Would this not mean that a source of light would be in all places equally?
Only to Photonica
0 Replies
 
dalehileman
 
  1  
Reply Sat 19 May, 2012 08:48 pm
@Krumple,
Quote:
Why is it that things that travel near the speed of light are not observed to be in every location at the same time?
Only of course to the poor fellow (or gal, “Photonia”), traveling at c

Quote:
Light obviously does not behave as if it were in all places at the same time.
Photopnia’s view of course. By relativity however her view is just as valid as ours
Krumple
 
  1  
Reply Sat 19 May, 2012 09:04 pm
@dalehileman,
dalehileman wrote:

Quote:
Why is it that things that travel near the speed of light are not observed to be in every location at the same time?
Only of course to the poor fellow (or gal, “Photonia”), traveling at c

Quote:
Light obviously does not behave as if it were in all places at the same time.
Photopnia’s view of course. By relativity however her view is just as valid as ours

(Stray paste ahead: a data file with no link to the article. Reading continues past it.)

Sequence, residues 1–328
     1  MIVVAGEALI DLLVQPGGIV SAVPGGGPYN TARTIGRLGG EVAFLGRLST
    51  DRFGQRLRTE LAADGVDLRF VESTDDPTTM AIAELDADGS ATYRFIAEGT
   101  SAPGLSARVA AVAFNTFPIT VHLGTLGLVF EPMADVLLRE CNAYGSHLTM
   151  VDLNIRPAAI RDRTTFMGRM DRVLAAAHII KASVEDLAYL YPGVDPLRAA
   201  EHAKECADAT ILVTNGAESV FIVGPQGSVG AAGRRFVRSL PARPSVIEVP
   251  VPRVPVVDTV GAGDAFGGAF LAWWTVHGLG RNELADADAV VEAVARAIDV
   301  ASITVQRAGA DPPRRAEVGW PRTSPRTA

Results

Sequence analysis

Have you seen the videos of lasers being shot through objects at a trillion frames a second? It is amazing to see these beams moving like bullets through the object. Something we never get a chance to witness in real time. If this is not evidence that light does have a fixed position in time and not super position then how else would we be able to determine if light has super position? Just theory where as reality being displayed like this is in some way faulty?

Correct me if I misunderstood but how else would it be done?

dalehileman
 
  1  
Reply Sun 20 May, 2012 11:05 am
@Krumple,
Quote:
evidence that light does have a fixed position in time and not super position